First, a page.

General Atomics pioneered manned-unmanned teaming with the U.S. Army early on, pairing its Gray Eagle UAS with AH-64 Apache attack helicopters to fill a gap in armed reconnaissance capability left open when the service retired its OH-58 Kiowa Warrior helicopters.

The systems are designed to pass imagery into the cockpit and give the pilot the ability to control the UAS’ payload. The pilot could also be capable of controlling the entire UAS, but operationally the service hasn’t been big on the idea.

General Atomics has approval to provide MUM-T capability to Gulf countries through FMS, Thomson said.

And Middle East countries want the capability.

“That is a benefit we have over the others like the Chinese or foreign suppliers because the waveforms have to be compatible, you have to have the right waveform for them to receive and transmit and those are U.S. waveforms,” Thomson said.

Additionally, the capability allows helicopters going out to the forward edge of the battles space without satellite connection to stay connected to home base through, for example, a satellite data link-connected Predator that can relay voice communications back to base, according to Thomson.

Predator also has a loiter capability of 35 hours, Thomson said, while helicopters can stay aloft in a mission for roughly four and a half hours.

This means the capability would be especially useful for maritime patrol missions in the Gulf region.

General Atomics has received quite a few requests from Middle Eastern countries expressing interest in the MQ-9B Guardian, which is a maritime patrol UAS that has a maritime radar in the belly of the aircraft, Thomson said.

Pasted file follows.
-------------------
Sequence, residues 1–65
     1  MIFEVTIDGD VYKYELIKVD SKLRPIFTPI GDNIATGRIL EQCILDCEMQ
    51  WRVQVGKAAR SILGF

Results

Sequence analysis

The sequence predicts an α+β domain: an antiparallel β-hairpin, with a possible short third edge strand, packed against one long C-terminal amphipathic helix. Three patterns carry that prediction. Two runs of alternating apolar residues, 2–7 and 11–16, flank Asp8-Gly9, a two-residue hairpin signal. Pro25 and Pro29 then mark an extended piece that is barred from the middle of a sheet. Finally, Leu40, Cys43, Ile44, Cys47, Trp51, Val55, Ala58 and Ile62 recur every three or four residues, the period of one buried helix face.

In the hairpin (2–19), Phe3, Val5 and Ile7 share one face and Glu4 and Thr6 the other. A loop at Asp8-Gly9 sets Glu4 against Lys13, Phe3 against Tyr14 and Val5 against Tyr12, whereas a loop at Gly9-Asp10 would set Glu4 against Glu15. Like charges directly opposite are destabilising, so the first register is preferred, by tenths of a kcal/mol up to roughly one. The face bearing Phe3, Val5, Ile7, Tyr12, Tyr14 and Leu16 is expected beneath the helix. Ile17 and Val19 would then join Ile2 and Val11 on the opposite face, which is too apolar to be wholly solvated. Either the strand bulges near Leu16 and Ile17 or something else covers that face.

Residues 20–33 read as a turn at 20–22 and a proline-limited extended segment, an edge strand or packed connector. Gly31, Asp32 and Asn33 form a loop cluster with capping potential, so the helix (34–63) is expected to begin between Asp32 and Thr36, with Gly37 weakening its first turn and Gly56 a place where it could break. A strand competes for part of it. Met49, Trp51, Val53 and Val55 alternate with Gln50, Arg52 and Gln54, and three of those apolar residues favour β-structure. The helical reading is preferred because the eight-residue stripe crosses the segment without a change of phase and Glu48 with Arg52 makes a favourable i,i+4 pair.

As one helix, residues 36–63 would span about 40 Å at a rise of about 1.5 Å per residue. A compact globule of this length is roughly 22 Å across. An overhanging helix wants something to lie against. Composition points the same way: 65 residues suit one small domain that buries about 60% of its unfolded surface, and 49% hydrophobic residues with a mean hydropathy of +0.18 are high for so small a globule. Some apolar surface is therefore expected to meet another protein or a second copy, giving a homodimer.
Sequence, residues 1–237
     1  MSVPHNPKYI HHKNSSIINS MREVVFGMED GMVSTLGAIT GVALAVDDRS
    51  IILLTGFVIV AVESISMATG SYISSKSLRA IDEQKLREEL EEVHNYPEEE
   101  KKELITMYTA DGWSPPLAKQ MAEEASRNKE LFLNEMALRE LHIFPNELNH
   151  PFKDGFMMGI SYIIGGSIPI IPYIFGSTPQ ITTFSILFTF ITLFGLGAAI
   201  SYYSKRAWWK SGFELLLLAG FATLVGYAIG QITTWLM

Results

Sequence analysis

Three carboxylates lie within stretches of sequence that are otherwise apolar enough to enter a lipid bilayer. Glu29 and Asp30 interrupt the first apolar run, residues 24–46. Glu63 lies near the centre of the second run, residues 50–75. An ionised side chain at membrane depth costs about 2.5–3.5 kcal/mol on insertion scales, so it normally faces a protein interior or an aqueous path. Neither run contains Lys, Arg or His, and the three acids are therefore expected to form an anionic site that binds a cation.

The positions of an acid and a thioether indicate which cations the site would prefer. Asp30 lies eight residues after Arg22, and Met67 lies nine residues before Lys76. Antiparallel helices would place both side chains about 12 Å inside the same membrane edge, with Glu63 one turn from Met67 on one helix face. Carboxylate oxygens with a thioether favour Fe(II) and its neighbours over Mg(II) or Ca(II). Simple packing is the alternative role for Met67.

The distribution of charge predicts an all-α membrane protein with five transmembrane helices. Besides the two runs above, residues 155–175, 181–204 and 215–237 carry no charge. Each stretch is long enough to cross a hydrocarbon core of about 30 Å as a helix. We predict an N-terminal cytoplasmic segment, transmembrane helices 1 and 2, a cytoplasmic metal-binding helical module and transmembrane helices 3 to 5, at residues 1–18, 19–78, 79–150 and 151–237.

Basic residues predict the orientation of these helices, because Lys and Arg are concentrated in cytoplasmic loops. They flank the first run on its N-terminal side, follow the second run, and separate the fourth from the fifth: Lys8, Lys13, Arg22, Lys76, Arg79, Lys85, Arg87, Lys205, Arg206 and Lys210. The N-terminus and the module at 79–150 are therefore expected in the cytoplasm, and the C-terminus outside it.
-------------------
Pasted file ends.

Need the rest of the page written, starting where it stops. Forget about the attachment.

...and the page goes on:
Saudi Arabia, Qatar, the UAE and Morocco all have maritime missions where it would be ideal to replace an expensive manned aircraft with an unmanned system, particularly because the job can be tedious and long to run patrols.

“I think that will be the first domino to fall will be a maritime Predator for one of these countries,” Thomson said, “and then from there we will see.”

Thomson believes the trend is usually for countries that operate drones through their air forces to pick U.S. Air Force drones so there will be a continued market for Predators and Reapers.

But he said Middle Eastern countries that came to the Army Aviation Association of America conference in Nashville, Tennessee, last month, are watching what the U.S. Army is doing with MUM-T and Gray Eagle and “they are seeing the benefits of manned-unmanned teaming that the U.S. Army has pretty much developed,” Thomson said, adding he has not seen other countries with such an ability.

Saudi Arabia, for instance, might be a better candidate for Gray Eagle, because it has the Royal Land Forces. “I could see them being a Gray Eagle customer,” Thomson said.

Jen Judson is an award-winning journalist covering land warfare for Defense News. She has also worked for Politico and Inside Defense. She holds a Master of Science degree in journalism from Boston University and a Bachelor of Arts degree from Kenyon College.